How do we deal with opposition when our friends and family become our most significant obstacle to a growing relationship with Christ. Our neighbors may betray us. When we want to share Good News, many receive it as "bad news." We mean no harm, yet the message is received with antagonism. 

Remember your calling. Don't forget your first love. The hunger you experienced when you first believed. Remember the words of Christ - I am with you always, even to the ends of the earth (Matthew 28:18-20).

Paul's heart was provoked with anger when he saw so many idols in Athens. Yet, his outward demeanor didn't show it. Paul was able to control his anger and didn't allow this issue to derail his mission. He knew that they were people who worshipped idols and believed in strange gods. He couldn't let an outburst of anger get the best of him and lose any opportunity to reach the lost souls in Athens.
Furthermore, why get upset at people when this is all they've known. Paul directed his anger at the devil's influence to fool the masses. His sympathy was with the enslaved people by their philosophies and their worship of pagan gods and idols. 

I think there's an excellent spiritual growth lesson here. False hope can provoke us to anger, yet we don't have to lash out. To whom would Paul specifically direct his anger? There isn't one specific Athenian responsible for the idol worship that has gone on for generations. These are beliefs handed down for centuries and had become part of their culture. Paul preserved his energy by not getting angry. Instead, he used it to preach the gospel with more conviction and power. He used the very thing that got him angry and found a way to use it as an example of their lack of knowledge regarding the true God.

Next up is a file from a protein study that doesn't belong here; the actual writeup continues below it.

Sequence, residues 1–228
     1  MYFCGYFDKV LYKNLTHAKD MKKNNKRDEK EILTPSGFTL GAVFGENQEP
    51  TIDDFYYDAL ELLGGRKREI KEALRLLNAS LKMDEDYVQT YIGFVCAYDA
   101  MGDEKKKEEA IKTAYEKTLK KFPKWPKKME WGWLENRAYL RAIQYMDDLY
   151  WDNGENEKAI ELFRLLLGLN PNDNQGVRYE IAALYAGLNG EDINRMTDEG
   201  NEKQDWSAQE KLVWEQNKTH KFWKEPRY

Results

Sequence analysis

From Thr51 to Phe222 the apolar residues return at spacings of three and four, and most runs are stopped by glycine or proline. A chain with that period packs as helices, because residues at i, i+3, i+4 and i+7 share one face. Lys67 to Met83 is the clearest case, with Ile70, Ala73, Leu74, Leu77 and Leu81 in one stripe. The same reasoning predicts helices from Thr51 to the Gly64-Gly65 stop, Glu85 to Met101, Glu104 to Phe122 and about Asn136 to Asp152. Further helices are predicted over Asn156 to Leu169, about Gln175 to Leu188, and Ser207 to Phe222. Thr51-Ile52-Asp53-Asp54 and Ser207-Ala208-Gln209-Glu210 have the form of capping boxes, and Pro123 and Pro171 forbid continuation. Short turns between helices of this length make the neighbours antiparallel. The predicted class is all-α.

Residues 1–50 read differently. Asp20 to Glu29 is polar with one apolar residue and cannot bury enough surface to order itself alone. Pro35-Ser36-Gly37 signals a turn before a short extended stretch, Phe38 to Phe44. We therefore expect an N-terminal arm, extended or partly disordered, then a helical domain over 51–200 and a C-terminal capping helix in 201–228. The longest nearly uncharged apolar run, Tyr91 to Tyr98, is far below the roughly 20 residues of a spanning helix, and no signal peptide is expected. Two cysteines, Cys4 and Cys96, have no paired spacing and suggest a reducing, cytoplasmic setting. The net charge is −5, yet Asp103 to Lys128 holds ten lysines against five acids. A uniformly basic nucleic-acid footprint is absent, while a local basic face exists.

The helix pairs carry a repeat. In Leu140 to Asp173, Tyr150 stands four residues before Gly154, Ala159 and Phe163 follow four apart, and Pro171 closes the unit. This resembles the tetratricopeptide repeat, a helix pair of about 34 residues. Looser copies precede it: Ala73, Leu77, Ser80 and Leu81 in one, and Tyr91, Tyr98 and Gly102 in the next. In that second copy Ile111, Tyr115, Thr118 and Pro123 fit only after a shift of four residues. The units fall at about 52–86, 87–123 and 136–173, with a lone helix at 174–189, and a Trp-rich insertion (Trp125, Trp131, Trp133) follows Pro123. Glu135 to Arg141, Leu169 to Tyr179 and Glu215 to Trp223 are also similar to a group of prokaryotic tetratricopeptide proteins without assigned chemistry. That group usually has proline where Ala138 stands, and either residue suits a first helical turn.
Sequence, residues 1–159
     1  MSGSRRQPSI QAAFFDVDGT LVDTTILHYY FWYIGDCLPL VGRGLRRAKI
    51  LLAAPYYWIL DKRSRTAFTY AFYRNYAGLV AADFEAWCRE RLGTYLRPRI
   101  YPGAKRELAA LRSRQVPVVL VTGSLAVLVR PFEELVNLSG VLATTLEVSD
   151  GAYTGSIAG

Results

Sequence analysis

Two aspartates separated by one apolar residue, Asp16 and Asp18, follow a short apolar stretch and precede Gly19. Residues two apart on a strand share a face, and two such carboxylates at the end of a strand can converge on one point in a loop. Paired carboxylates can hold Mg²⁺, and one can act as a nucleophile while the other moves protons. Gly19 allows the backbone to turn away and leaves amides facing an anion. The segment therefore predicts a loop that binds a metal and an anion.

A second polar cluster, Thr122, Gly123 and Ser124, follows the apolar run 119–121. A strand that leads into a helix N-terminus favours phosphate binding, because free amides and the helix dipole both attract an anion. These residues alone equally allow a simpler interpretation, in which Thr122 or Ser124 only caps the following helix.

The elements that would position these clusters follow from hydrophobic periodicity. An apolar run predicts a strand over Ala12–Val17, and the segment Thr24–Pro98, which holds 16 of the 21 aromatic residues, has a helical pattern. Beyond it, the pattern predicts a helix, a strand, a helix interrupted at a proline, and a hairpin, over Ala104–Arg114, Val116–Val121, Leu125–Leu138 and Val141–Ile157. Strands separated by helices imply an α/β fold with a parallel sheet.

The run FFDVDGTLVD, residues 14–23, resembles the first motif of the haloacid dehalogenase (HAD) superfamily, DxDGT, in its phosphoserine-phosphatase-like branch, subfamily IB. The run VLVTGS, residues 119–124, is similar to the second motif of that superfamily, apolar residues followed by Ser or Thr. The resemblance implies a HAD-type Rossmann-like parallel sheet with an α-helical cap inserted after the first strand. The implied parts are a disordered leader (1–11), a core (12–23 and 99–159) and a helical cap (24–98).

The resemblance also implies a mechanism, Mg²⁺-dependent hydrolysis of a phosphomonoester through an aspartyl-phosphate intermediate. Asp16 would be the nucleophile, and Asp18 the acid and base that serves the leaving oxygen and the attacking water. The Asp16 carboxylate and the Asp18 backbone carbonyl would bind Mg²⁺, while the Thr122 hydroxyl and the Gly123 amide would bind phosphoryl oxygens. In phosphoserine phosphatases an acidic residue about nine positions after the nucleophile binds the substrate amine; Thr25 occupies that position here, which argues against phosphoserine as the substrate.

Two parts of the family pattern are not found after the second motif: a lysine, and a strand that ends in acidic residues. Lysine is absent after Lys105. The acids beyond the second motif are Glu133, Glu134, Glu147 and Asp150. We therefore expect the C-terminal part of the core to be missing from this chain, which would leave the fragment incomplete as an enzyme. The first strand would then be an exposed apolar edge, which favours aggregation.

Would the Paul of three to four years ago be so patient with the idols and the Athenians? Paul may seem a bit too tolerant of such idolatry. Now, Paul contains himself. Paul's response to being provoked was to pray for the Holy Spirit to take control of his heart and mind. As a result, he preaches one of the most powerful sermons recorded in the Scriptures.

  1. How do you deal with opposition from the people you are trying to bring hope to?
  2. How do you respond when you see something that "provokes your spirit"?
  3. Would you have gone to the Areopagus and speak to the intellectuals of the time and speak of the resurrection of Jesus Christ?


How do you share this week the things we have learned so far. God has impressed you in some way. When we read something in the Bible that gets our attention, we think of how that applies to our lives. Sometimes we think first about how someone we know really needs to hear this. Well, we don’t want to fall into the trap of always thinking of someone else when we hear a good amen moment when God drops a spiritual bomb on us. We wonder why we didn’t understand that before. We wonder why we were so slow to respond earlier.